Food for Thought – The Truth about Sports Drinks
As the intense heat of the summer hits Yokohama, worries about dehydration and taking in enough fluids are upmost on people’s minds. In an effort to remain hydrated and quench their thirsts, many of our students are reaching for isotonic sports drinks such as Pocari Sweat, Aquarius and Gatorade. These drinks are becoming increasing popular on the sports fields, fitness centers and the playground, and drinks machines are fully stocked with the latest brand, some even including ‘Diet’ versions. Claims from the manufacturers of these particular drinks, state that they enhance endurance performance and aid replacement of water and electrolytes lost to sweat, giving you the ‘edge’ over your opponent. Supporting these positive claims is some sound research. The need for supplementation in intense sport is becoming well known, and in order to optimize training and performance, many athletes are turning to artificial nutrition to raise the amounts of carbohydrate, protein and fat. Looking simply at some of the science and nutrition behind performance, individuals engaged in a general fitness program require 3-5 grams of carbohydrate, per kg of body weight, a day. A normal healthy balanced diet provides this and there is absolutely no need for any further supplementation. However, athletes involved in intense physical activity (3-6 hours a day) five to six times a week, would require around 8/10 g of carbohydrate per kg of body weight a day (Kreider et. al, 2004). This is the equivalent to eating 2kg of spaghetti and it is physically difficult to consume this amount through regular meals. Therefore, these athletes are turning to sports drinks to gain the extra energy needed and optimize performance, and to this end, sports drinks could be described as being effective.
On the surface, this research and others supporting optimized performance due to supplementation, would suggest, reaching for a sports drink is very beneficial. And, this is where the drinks manufacturers have focused their marketing strategies. Through glossy magazine advertisements, TV commercials and athlete endorsement. Casual athletes, fitness participants and consequently children, are being motivated, enthused and ultimately persuaded that sports drinks are a healthy option and will have some positive effect on their performance. Data of sports drink consumption would support this claim and it has been found that from 1998-2008, the percentage of American children aged 6 to 11 consuming sports drinks has increased significantly from 2 percent to 12 percent. In 2006, sports drinks were the third fastest selling beverage category in the U.S. (Story and Klein, 2012). Furthermore, it is also the fastest growing sector in the UK soft drinks sector with sales of around £260m per year (Cohen, 2012). In short, non-elite and adolescent athletes/individuals are being encouraged to consume much higher levels of carbohydrate through sugar sweetened beverages, than the body requires for energy. Depending on the brand of sports drink, some contain as much as 19grams of added sugar and 200 milligrams of sodium (Story and Klein, 2012). This is the equivalent of 8 spoons of sugar in one drink. The downside to this consumption of excess carbohydrate, is that it is stored in the body, leading to excess weight gain, displacement of healthy nutrients, and a higher risk of obesity and diabetes (Story and Klein, 2012), as well as exposing children to the propensity of dental erosions (Cohen, 2012).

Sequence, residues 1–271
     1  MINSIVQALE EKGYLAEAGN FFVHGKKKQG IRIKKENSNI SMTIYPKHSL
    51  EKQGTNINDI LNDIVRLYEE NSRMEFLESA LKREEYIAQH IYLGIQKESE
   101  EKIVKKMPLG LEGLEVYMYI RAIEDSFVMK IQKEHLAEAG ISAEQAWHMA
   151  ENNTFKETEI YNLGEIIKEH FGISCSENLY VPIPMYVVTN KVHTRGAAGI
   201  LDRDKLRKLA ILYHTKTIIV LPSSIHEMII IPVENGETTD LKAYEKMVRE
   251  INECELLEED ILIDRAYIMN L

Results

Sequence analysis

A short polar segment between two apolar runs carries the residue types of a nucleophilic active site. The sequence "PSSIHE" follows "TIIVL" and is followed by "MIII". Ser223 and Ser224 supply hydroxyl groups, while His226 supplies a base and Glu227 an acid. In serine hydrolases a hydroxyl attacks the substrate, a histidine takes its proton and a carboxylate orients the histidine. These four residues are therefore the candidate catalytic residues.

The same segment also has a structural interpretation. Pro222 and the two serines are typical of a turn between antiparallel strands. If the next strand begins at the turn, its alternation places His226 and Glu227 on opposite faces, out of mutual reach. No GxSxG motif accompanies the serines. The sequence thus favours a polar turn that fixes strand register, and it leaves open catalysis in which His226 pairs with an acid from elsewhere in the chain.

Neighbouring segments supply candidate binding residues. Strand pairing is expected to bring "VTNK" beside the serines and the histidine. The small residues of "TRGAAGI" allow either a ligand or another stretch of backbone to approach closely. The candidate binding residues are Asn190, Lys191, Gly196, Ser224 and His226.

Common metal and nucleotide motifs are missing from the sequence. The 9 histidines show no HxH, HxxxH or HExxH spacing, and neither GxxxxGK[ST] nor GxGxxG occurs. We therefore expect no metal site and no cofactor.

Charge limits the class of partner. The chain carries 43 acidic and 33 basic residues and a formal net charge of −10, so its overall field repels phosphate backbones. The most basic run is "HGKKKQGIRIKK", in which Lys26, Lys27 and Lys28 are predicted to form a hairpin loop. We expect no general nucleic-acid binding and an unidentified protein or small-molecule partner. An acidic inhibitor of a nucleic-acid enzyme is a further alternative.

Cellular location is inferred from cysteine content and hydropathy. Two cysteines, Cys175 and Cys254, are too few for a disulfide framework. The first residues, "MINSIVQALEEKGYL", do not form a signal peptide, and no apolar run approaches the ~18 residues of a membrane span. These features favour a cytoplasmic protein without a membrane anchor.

So what does this all mean to the recreational participants and parents of young athletes, who might select an Aquarius or Pocari Sweat from the vending machine? There can be no doubting the necessity to keep hydrated during exercise. Every cell, tissue and organ in your body needs water to function correctly. Your body needs to maintain its temperature, remove waste and lubricate joints. However, water is the optimum fluid for hydration and best done by drinking water before, during and after exercise. The use of sports drinks can be beneficial in prolonged, intense activity but the necessity to understand the potential risks of consuming sports drinks and excess carbohydrates regularly, must be clear to parents, teachers, coaches and children.
For further information on this topic, parents are directed to a very interesting panorama documentary by the BBC, The Truth about Sports Drinks posted on YouTube.